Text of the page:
997 GT3 RS 4.0

Ul­tra 911 weighs the same as a VW Golf, but can storm to 310km/h

Motor (Australia) - - FEATURE : TOP FIVE 911S -

WITH A BIG­GER at­mo­spheric in­duc­tion flat-six in a body pared of un­nec­es­sary lux­u­ries, the par­al­lels be­tween the 2011 997 Porsche 911 GT3 RS 4.0 and 1973 Car­rera RS are un­mis­tak­able. As sig­nif­i­cant vari­ants of Stuttgart’s ever­green sports coupe go, Porsche’s fi­nal 997 had it all.

The GT3, al­though less pow­er­ful than the Turbo and GT2, was the most fo­cused of 911s and the RS took that up a notch, while tip­ping its hat to the defini­tive early 911. The fi­nal 997 was the last 911 with hy­draulic steer­ing and a hand­brake and history shows that each time Porsche re­moves tech­nol­ogy – like air-cooled cylin­ders – col­lec­tor in­ter­est spikes.

Per­haps most im­por­tantly, though, the RS 4.0 might be the

911 to drive (the ’73 RS be­ing the one to own) bal­anc­ing the name­plate’s old-world val­ues with mod­ern era drive­abil­ity. The day-to-day sports coupe had never been so quick or, if you pre­fer, a sub-7min 30sec Nur­bur­gring ma­chine has never worn num­ber plates with such non­cha­lance.

Porsche had to re­vive an en­gine line when the GT3 RS 4.0 was given the green light. En­gi­neers slot­ted a GT3 R/RSR crank into the 3.8-litre block in­creas­ing stroke from 76.4 to 80.4mm which, with a 102.7mm bore, took ca­pac­ity to 3996cc and cre­ated the largest 911 en­gine to date.

Be­yond the ca­pac­ity in­crease, de­vel­op­ment fo­cused on im­prov­ing air­flow with a mod­i­fied in­take man­i­fold fea­tur­ing shorter run­ners, a vari­able in­duc­tion sys­tem and vari­able valve timing, higher flow air fil­ters in a car­bon air­box, and a freer ex­haust sys­tem with less re­stric­tive cat­alytic con­vert­ers.

The stroked six set a new high mark for nat­u­rally as­pi­rated 911 out­puts. The RS 4.0’s 368kW (at a dizzy 8250rpm) and 460Nm at 5750rpm (which told lit­tle of its low-end shove) made it the ul­ti­mate de­vel­op­ment of the orig­i­nal 911 block (now in wa­ter-cooled form). Seven years on, the 911 GT3 RS eclipses the 4.0’s spe­cific power of 92kW per litre by only 4kW.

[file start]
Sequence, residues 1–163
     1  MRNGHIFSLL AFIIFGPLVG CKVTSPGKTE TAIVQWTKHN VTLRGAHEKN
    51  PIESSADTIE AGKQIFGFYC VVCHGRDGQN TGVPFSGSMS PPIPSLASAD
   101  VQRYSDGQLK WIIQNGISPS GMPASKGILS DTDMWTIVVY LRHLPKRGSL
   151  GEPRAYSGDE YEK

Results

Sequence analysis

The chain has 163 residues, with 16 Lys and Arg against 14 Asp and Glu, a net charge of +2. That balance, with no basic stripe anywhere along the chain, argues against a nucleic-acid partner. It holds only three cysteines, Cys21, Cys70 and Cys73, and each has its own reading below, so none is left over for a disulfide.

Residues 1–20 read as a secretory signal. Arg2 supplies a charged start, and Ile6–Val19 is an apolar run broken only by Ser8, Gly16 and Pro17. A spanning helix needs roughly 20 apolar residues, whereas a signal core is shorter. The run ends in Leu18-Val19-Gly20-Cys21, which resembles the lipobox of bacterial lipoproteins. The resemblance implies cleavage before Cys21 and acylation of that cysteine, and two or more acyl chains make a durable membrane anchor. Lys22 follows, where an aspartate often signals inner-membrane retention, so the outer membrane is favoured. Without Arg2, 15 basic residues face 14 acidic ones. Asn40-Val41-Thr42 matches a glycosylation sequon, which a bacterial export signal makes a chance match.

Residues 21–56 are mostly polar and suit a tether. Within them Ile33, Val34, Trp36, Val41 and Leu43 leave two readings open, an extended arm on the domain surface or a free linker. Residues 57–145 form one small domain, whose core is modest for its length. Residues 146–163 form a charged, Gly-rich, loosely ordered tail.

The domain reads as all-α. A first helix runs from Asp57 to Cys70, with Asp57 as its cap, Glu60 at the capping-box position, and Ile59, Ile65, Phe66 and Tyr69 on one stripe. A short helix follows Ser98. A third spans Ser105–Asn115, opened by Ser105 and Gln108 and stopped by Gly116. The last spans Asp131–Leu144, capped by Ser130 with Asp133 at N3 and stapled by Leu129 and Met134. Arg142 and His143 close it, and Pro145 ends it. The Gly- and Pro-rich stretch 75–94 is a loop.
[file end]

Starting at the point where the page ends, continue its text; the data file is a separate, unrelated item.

Light weight is that other RS fun­da­men­tal, yet fur­ther kilo­gram re­duc­tions were not eas­ily achieved on the RS 4.0 given the amount of prun­ing that had al­ready been done on the GT3. Re­cip­ro­cat­ing mass was a log­i­cal start­ing point, and a sin­gle-mass fly­wheel and ti­ta­nium con­nect­ing rods bolted to forged pis­tons light­ened the load.

Shed­ding steel pan­els was next and Porsche re­placed the front guards and front cargo com­part­ment cover with car­bon fi­bre ver­sions, and ditched the glass rear quar­ter win­dows and rear wind­screen for poly­car­bon­ate. One-piece seats weigh­ing 8kg each and light­weight car­pets saved more weight, which was some­what off­set by the mass of a half roll cage, al­though it in­creased the mono­coque’s rigid­ity.

Af­ter all that the GT3 RS 4.0 had dropped just 10kg, how­ever, its kerb weight of 1360kg – about the same as a Volk­swa­gen Golf – gave it a power-to-weight ra­tio of 271kW/tonne.

Aero­dy­namic en­hance­ments to the sub­tle 993-in­spired 997 shape in­cluded front dive planes, or ‘flics’, to re­duce lift and a large rear wing that kept the rear end planted. Down­force was a claimed 190kg at a v-max of 310km/h.

Sus­pen­sion fea­tures unique spring and damper rates, spe­cific toe and cam­ber set­tings, and rose-jointed rear sus­pen­sion links bor­rowed from the GT2 RS. Dy­namic en­gine mounts con­trolled the mass of the flat-six. An op­tional pneu­matic nose-lift did not im­prove track per­for­mance, but al­lowed the low snout to safely ne­go­ti­ate speed bumps on the street.

Porsche of­fered just two stark colours – black and Car­rara white – but it was pos­si­ble to or­der an RS 4.0 in any solid or metal­lic paint-to-sam­ple shade you chose.

When it was launched, road testers rev­elled in the way the evo­lu­tion from RS to RS 4.0 built on the qual­i­ties of the donor to make the 997 fi­nale in­cre­men­tally bet­ter by ev­ery mea­sure. The at­trac­tion of in­creased dis­place­ment as a means to greater per­for­mance is that drive­abil­ity ben­e­fits as much as out­right ac­cel­er­a­tion, and the GT3 RS 4.0 was even more docile and flex­i­ble than lesser ver­sions.

The ad­van­tages of a light body were ev­i­dent ev­ery­where too com­pared with a reg­u­lar GT3, from sharper turn­ing to more ag­ile han­dling and more ea­ger ac­cel­er­a­tion, and the sus­pen­sion struck that un­mis­tak­able Porsche com­pro­mise of con­trolled-yet-com­pli­ant ride and han­dling.

Quick, yet un­break­ably re­li­able, as sat­is­fy­ing to drive hard as it was to own and live with ev­ery day, the GT3 RS 4.0 de­liv­ered the essence of the 911 in highly con­cen­trated form.

ABOVE GT3 RS 4.0’s stroked 3.8-litre six made 368kW, and was the most pow­er­ful atmo 911 to date OP­PO­SITE RS 4.0 was right at home on the track, with an aero kit that re­duced lift and in­creased down­force

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